Posidonia robertsoniae facts for kids
Quick facts for kidsPosidonia robertsoniae
Posidonia robertsoniae is one of the seagrasses of Western Australia, submerged flowering plants that occurs in the southern coastal waters.
A species of Posidonia, submerged flowering plants found in mediterraean climates. A perennial rhizomatous herb that appears as stands in marine habitat. This species is found at depths from 0.5 to 20 metres on white sands, in coastal waters that may be sheltered or subject to intense wave action. The habit of Posidonia robertsoniae is as a clumping stand, it is rhizomatous plant that puts out shoots with one or two leaves. The leaf blades are 2.5 to 4 millimetres wide, and 1.5 metres long. They are slightly leathery and uneven on the upper surfaces. Between 6 and 9 veins appear on each leaf. The flowering period is primarily during the months of August and September.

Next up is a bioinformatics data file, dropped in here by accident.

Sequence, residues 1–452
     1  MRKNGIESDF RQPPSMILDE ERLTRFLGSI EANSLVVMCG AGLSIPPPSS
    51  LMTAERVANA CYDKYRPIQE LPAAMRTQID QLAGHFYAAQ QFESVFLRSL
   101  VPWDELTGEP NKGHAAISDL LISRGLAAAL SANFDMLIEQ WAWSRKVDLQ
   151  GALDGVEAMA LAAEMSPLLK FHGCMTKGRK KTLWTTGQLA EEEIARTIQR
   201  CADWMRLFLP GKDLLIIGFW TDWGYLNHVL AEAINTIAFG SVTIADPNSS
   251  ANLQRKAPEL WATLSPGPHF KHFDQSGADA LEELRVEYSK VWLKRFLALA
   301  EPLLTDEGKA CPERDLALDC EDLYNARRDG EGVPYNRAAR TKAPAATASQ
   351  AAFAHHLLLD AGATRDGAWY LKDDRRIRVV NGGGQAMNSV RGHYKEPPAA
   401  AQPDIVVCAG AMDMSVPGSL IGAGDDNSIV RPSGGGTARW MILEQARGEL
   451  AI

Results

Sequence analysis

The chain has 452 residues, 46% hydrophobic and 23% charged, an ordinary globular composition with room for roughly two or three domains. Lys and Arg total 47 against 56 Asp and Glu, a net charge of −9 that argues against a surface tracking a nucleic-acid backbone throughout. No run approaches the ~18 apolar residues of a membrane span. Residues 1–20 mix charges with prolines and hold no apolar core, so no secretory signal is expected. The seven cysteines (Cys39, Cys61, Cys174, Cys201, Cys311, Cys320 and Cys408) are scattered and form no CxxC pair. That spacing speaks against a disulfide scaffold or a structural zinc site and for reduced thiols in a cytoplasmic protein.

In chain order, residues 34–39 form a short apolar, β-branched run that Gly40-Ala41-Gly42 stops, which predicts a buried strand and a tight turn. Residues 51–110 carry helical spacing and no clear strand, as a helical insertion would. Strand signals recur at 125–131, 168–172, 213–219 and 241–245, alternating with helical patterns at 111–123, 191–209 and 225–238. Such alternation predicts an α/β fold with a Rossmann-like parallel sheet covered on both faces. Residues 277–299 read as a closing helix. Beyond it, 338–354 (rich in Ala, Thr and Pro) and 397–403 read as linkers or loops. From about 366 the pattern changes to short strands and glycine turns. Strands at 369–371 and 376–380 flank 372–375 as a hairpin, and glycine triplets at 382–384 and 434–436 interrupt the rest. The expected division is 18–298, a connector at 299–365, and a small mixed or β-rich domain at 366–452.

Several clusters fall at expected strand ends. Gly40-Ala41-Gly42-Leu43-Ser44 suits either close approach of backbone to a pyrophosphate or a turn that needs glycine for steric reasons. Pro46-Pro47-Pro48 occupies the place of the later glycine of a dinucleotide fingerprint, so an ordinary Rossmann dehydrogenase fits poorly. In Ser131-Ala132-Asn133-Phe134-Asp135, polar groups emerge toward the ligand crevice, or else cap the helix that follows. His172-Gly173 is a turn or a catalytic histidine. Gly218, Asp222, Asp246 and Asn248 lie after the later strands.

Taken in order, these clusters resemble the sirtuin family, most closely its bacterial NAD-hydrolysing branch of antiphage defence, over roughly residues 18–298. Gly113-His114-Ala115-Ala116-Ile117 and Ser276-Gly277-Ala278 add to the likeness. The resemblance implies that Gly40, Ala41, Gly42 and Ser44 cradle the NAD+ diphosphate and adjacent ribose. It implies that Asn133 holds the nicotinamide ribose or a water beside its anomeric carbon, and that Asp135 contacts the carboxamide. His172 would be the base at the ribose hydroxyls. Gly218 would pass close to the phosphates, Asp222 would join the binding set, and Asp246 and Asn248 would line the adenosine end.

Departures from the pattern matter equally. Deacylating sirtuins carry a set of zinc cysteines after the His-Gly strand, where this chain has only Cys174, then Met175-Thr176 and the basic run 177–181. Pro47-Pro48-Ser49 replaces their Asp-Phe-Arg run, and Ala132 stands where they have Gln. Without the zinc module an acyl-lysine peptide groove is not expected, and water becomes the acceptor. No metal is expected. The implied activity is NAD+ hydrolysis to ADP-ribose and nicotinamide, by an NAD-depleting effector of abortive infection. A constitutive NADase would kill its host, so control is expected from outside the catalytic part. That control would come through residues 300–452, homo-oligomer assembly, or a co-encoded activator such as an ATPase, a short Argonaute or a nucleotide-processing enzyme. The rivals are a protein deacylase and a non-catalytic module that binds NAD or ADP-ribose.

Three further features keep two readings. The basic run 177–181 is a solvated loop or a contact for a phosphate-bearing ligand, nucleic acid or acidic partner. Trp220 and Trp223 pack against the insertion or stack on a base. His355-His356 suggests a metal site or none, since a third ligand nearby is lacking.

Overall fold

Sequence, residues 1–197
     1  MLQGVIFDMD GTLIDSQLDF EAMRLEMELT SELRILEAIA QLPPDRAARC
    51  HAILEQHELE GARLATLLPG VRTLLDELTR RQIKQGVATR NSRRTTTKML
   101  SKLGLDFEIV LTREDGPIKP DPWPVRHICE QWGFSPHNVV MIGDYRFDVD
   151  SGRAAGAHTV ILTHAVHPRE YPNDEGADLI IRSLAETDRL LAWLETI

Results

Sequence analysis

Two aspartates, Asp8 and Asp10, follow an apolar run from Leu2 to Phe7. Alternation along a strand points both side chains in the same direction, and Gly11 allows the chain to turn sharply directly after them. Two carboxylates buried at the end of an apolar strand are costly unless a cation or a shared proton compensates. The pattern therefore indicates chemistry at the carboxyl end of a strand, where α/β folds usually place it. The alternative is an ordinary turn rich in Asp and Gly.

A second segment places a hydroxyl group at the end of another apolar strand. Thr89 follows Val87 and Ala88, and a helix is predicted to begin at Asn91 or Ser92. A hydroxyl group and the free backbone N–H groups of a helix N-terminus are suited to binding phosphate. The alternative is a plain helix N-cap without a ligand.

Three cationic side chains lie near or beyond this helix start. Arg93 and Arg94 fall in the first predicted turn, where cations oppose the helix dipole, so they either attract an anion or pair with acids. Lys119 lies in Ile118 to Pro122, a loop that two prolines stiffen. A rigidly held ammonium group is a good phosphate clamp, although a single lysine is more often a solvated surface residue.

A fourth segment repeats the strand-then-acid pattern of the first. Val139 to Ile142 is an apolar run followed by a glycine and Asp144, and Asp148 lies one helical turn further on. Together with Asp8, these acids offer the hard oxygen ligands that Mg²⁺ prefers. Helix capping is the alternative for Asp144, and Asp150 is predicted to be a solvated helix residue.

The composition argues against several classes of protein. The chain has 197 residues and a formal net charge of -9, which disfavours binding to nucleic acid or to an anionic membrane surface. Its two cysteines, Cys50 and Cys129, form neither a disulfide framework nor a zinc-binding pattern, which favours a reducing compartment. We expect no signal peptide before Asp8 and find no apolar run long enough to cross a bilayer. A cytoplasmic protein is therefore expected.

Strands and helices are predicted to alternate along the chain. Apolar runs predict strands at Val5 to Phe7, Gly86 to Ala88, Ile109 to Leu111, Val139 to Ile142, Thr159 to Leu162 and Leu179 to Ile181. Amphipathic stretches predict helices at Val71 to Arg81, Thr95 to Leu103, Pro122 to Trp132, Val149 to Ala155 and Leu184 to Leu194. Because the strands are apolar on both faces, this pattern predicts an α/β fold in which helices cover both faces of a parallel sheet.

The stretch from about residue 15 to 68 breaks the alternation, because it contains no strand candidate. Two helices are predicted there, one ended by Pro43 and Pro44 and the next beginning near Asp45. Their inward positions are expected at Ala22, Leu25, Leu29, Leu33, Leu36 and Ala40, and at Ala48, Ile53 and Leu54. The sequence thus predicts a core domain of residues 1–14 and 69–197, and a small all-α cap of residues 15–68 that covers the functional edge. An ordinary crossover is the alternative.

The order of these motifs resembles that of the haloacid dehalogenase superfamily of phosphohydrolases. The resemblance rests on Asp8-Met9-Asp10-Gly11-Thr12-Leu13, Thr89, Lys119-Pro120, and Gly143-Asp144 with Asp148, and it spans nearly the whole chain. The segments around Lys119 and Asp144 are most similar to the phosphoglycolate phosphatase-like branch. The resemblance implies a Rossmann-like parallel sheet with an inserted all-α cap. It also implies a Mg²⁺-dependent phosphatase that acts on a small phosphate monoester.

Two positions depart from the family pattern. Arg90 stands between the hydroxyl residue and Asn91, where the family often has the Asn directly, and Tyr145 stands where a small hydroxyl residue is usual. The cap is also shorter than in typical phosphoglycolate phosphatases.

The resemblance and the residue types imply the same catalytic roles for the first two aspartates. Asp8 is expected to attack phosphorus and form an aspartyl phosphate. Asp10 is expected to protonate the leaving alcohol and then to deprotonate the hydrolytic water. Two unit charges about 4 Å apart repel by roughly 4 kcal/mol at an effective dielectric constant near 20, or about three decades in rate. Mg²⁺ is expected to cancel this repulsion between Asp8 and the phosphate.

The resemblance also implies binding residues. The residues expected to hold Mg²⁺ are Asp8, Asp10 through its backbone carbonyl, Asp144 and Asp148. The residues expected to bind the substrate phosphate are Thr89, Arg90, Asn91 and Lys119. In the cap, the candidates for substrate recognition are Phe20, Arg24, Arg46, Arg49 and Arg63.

Posidonia robertsoniae is recorded at coasts of Southwest Australia, from Warnbro Sound to Israelite Bay.
This species is contained by the Posidoniaceae family, one of eight occurring in southern Australia. The ninth member, Posidonia oceanica, is found in the Mediterranean sea. The species was first described in Aquatic Botany in 1984, based on a holotype collected at King George Sound in 1981. Several related species within Posidonia are described as the Posidonia ostenfeldii complex, a group that may be in need of revision. The species Posidonia coriacea, which occurs in a wider distribution range, and this one may not be distinct, both lack evidence of genetic variation. The differing morphology of these species may be subject to environmental influence and their characters can overlap.
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